• Federal parks, museums, and other cultural centers will close, depriving all Americans of access to their cultural history and natural beauty.
  • Processing of passport and visa applications and renewals will halt. This will have a major impact not just on vacations that families have already paid for, but will affect business as well.
  • Social Security payments will be made, but new applications and any support functions will be halted.
  • Aid and grant payments to states will be halted, creating even deeper holes in already crippled state budgets.
  • Toxic waste cleanup at over 600 Federally-designated sites will be halted.

Of course, the ripple effect of a shutdown is even more complicated. Everyone knows what it’s like to get back to work after a few days off. It takes time to get caught up. When the whole business of government has to recover at the same time, it could be weeks before things are running smoothly again, even if the shutdown is relatively brief.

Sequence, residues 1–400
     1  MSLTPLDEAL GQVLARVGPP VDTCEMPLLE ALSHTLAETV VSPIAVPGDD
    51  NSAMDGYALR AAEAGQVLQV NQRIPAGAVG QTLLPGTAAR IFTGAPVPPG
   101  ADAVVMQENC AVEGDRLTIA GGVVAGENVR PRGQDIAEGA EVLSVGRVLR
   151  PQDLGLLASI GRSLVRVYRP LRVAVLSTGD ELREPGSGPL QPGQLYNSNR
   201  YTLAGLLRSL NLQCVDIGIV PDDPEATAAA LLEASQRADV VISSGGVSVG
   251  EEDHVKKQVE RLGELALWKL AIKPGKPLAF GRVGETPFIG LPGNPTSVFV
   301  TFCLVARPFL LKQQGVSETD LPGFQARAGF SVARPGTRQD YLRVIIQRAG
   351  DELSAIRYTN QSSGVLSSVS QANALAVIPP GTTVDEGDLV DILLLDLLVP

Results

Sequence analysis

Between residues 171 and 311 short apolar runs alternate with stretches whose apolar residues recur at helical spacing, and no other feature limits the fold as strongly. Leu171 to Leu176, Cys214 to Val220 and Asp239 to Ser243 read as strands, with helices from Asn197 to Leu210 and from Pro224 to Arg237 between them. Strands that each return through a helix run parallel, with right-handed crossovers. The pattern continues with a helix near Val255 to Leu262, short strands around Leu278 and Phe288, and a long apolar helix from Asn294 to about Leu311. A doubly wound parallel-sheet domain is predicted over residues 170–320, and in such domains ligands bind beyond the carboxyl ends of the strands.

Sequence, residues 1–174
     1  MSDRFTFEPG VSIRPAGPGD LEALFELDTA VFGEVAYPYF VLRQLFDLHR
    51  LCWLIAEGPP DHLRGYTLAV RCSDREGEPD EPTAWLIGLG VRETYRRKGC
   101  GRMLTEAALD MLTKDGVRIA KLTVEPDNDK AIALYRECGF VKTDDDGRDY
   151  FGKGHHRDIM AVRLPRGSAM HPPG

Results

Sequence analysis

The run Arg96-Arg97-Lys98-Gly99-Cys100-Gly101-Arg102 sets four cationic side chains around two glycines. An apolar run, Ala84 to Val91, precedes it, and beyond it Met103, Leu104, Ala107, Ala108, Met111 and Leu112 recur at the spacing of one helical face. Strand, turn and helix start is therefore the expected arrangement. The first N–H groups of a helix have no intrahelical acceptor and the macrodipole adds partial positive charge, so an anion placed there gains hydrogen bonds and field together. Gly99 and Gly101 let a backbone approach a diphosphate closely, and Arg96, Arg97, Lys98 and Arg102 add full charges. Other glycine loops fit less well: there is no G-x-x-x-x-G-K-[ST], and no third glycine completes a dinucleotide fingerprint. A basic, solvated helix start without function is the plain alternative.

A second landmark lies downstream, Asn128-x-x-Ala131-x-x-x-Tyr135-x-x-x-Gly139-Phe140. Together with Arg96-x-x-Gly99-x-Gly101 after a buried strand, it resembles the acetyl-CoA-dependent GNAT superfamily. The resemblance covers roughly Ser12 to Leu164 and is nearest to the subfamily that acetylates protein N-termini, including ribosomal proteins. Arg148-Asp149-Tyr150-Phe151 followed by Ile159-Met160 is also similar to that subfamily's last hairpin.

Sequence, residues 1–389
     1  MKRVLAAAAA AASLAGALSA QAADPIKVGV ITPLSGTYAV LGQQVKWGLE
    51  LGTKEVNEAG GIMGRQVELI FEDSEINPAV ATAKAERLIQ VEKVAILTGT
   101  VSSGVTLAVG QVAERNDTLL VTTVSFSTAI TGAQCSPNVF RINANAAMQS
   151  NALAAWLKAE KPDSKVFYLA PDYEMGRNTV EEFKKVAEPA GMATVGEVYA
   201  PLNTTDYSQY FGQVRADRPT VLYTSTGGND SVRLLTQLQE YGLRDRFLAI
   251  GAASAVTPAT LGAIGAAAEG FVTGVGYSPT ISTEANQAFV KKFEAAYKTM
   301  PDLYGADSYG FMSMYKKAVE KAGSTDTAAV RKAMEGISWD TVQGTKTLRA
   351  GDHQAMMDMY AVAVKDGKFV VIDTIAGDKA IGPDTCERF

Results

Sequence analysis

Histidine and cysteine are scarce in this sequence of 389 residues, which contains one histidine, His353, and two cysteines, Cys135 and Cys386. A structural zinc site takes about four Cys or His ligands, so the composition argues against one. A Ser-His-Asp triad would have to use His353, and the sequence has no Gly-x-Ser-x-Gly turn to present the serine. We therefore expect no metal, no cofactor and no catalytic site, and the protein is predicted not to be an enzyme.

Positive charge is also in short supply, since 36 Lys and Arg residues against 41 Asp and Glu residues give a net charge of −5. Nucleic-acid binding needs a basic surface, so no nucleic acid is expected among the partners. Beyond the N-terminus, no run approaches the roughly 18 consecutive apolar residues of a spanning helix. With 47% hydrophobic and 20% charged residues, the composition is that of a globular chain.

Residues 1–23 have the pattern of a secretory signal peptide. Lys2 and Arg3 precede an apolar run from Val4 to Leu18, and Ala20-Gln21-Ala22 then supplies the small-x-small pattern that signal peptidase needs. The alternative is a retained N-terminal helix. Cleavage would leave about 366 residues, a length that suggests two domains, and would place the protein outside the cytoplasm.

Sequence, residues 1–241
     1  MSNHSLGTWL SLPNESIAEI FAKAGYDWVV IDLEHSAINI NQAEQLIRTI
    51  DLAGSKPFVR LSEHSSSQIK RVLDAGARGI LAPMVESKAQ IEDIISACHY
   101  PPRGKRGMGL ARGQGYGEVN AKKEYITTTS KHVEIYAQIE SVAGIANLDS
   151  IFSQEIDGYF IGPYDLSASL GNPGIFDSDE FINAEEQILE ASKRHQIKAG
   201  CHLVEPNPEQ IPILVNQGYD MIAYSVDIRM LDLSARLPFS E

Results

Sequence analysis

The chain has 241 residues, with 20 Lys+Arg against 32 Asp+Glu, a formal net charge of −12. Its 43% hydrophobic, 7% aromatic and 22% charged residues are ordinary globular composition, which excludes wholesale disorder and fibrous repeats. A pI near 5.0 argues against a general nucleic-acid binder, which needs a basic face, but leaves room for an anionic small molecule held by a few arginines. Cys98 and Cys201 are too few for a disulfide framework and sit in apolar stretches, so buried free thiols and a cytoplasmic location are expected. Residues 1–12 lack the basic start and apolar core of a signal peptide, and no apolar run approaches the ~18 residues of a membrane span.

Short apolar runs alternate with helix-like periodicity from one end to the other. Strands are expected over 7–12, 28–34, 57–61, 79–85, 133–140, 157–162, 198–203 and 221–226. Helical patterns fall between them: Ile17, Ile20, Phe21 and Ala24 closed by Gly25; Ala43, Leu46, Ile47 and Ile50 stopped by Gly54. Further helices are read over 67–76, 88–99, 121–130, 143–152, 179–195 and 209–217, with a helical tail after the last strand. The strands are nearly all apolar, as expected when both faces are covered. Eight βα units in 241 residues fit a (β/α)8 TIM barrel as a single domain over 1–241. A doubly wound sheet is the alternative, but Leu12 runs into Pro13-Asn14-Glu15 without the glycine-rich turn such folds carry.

And what about those Tea Party priorities? Since the Federal money has already been disbursed, Planned Parenthood will not shut down if the government does, nor will Public Broadcasting. Instead, millions of decent, hard-working civil servants will be furloughed, reducing household spending and injuring American businesses, while House Republicans draw their pay and enjoy their Federal healthcare, abdicating their responsibility to govern. The shutdown is such bad government, in fact that even Michele Bachmann (R – Can’t Find It On A Map) has said it’s a bad idea. You know your leadership strategy is lousy when it crosses the Bachmann line.

How'd that last shutdown work out, Newt?

The last major shutdown was something of a standoff between then President Clinton and Speaker Gingrich. At the end of the day, the Republican congress that forced the standoff came out very badly indeed. Gingrich’s infamous petulance cost him credibility and resulted in national ridicule.